Academic journal article Journal of Management Information and Decision Sciences

China's Impact on Mongolian Exchange Rate

Academic journal article Journal of Management Information and Decision Sciences

China's Impact on Mongolian Exchange Rate

Article excerpt


Well-endowed with mineral resources, strong potential in agriculture and tourism and a young and dynamic population, Mongolia is bordered by China, its biggest trading partner. In the past three decades, Mongolia has transformed itself from a socialist economy to a vibrant multiparty democratic country. Comparing to the Chinese Yuan, the Mongolian Tugrik has depreciated more than 50% in the past decade. Thus, studying the impact to Mongolian Tugrik relative to Chinese Renminbi is an important topic to Mongolia.

Mongolian Economy

Due to the transition from socialist economy to market-based economy in early 1990, Mongolia has experienced a painful transformation recession, bottomed out in 1993 and begun to recover thereafter. By 2001, its real GDP has reached the level prior to the transition. The primary sector is the principal engine of Mongolia's quick recovery, although its share in GDP has been declining since 1990. Mongolia's heavy dependence on exports of a few key commodities has made its economy particularly vulnerable to fluctuations in commodity prices and natural disaster. Inflation rate in Mongolia has surged sharply in the first few years of transition, peaked at more than 250 percent in 1993, fell rapidly thereafter and reached the single-digit range by 2000. On the other hand, its economy has grown rapidly at an average annual rate of 8.4% during the period 2004-2006 and reached 10.2% in 2007. Per capita income has more than doubled since 2004 and reached US$1960 in 2008. Nonetheless, global financial crisis did not affect Mongolian economy seriously. In the twenty century, conflicts between foreign investors and "China-phobic" resource nationalism causes a severe decline in Foreign Direct Investment (FDI) in Mongolia from around 44% in 2011 to shrinks dramatically to 0.8 percent in 2015.

In 2016, Mongolia faces a debt crisis with its budget deficit tripled to 3.67 trillion tugrik, total external trade drops 2.3 percent, banks' non-performing loans rise 25 percent and the tugrik falls 20 percent, the fifth worst among all exotic currencies. To overcome the difficulty, Mongolia gets a three year Extended Fund Facility (EFF) program with 440 million USD rescue loan from the International Monetary Fund (IMF) to address balance-of-payment pressures, help the government repay looming debts, stabilize the domestic currency and boost confidence in the banking sector. One part of the EFF that the People's Bank of China is expected to extend a 15 billion RMB swap line with Mongol Bank.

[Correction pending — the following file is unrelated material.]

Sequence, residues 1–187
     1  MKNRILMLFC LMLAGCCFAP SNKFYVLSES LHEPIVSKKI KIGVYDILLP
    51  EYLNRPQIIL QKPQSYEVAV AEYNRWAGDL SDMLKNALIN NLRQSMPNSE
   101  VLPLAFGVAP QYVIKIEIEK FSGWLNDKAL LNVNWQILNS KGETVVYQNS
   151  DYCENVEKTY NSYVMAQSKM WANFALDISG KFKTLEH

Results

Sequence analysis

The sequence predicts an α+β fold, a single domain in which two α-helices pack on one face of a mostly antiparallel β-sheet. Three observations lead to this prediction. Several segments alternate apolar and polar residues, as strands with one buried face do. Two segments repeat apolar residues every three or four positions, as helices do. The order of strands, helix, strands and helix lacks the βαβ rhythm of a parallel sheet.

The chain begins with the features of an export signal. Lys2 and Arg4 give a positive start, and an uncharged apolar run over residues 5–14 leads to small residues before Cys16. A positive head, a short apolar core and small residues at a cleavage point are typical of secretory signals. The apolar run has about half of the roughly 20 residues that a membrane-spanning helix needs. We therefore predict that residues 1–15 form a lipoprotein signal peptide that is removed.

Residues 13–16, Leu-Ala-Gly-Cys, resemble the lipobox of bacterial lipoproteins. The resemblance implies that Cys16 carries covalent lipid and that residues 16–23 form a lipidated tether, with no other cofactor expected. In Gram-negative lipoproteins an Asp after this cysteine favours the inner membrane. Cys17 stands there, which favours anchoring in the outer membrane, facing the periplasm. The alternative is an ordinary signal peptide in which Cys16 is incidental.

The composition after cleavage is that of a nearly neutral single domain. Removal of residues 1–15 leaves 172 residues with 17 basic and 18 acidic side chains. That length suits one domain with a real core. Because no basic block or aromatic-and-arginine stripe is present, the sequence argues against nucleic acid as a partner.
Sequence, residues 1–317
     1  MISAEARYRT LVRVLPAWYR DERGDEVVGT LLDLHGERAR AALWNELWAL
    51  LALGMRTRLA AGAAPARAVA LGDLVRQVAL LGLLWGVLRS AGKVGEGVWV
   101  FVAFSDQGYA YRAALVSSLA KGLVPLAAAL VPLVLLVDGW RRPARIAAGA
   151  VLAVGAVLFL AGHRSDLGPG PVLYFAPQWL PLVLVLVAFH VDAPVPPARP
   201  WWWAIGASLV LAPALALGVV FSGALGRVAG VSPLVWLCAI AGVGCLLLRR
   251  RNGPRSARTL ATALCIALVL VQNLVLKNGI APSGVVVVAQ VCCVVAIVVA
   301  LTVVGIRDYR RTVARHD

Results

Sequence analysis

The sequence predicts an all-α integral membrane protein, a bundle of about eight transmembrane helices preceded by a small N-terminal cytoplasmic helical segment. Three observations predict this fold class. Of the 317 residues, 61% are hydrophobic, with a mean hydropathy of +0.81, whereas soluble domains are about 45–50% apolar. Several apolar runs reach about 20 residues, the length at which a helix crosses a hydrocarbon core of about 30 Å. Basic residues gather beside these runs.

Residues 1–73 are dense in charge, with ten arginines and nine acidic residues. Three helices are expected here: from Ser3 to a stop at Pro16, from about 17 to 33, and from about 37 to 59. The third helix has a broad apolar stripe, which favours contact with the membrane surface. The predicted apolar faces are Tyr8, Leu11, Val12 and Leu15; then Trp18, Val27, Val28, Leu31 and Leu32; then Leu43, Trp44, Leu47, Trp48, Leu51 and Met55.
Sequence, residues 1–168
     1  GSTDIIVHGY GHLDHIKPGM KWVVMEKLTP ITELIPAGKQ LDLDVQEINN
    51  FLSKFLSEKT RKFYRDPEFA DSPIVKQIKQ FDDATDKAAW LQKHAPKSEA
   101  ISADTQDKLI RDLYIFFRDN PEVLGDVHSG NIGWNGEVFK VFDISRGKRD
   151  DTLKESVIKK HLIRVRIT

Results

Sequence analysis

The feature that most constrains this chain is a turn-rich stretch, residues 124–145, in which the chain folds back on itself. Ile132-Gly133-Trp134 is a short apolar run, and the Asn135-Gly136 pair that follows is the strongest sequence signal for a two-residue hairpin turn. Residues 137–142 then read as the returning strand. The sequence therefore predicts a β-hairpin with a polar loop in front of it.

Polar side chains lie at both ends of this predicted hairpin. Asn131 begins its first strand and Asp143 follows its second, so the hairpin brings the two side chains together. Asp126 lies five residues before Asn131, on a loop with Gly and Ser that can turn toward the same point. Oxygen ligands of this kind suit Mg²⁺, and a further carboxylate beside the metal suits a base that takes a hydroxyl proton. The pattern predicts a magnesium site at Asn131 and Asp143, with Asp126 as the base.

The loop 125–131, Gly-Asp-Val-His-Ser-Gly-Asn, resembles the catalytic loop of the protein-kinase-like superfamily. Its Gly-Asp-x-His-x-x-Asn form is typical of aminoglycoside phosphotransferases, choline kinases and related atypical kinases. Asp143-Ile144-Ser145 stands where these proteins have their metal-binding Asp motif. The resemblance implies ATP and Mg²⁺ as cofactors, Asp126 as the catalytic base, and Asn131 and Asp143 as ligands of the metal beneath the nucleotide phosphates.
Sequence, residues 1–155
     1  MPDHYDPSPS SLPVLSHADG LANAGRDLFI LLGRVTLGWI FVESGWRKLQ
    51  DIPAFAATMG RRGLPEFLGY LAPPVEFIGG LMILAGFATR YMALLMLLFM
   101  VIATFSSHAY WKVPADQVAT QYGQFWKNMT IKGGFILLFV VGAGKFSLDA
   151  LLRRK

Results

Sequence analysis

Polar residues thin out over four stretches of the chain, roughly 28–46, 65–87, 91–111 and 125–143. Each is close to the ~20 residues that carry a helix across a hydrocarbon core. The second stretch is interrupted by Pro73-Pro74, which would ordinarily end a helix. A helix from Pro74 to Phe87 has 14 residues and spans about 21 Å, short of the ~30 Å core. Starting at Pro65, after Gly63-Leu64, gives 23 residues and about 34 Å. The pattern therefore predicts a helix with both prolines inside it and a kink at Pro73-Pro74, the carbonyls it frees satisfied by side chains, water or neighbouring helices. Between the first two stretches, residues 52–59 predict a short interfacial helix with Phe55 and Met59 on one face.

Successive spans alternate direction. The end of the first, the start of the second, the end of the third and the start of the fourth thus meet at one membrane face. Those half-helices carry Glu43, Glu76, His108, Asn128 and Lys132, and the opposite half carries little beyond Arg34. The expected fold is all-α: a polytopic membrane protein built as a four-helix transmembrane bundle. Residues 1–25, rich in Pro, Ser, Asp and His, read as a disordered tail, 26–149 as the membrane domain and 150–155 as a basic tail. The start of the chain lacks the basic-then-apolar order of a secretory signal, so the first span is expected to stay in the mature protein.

China's Impact on Mongolian Economy

The most dramatic event in the global economy over the past few decades is the rise of China as a global economic power. Beginning from the late 1970's, China changes from planned economy to market economy that has led to economic growth sharply over the past few decades (Andressen, Mubarak & Wang, 2013). As a result, Mongolia gets closer to China recently. China is the biggest trading, investment and tourism partner of Mongolia. China takes 84% of total Mongolian export, supplies 30% of Mongolia's import, invest most in Mongolia's mining sector that exports to China mainly, around 60% of all tourists to Mongolia are from Mainland China and accounting for roughly 50 percent of the FDI in Mongolia. Thus, Mongolia depends on China greatly.

Mongolia has been enjoying rapid growth for the past two decades because of strong Chinese demand. However, this economy slammed by recent China's slowdown. Minerals are selling for less around the world because of oversupply, weaker demand in China and a tandem drop in energy prices as China's transition from investment driven economy to consumer driven economy.

Recently, Mongolia's economic downturn attributes to plummeting commodity prices in the global market. The price index for all types of coal supplied by Mongolia, its biggest export by volume, decreases by 15 percent from 2014 to 2015. …

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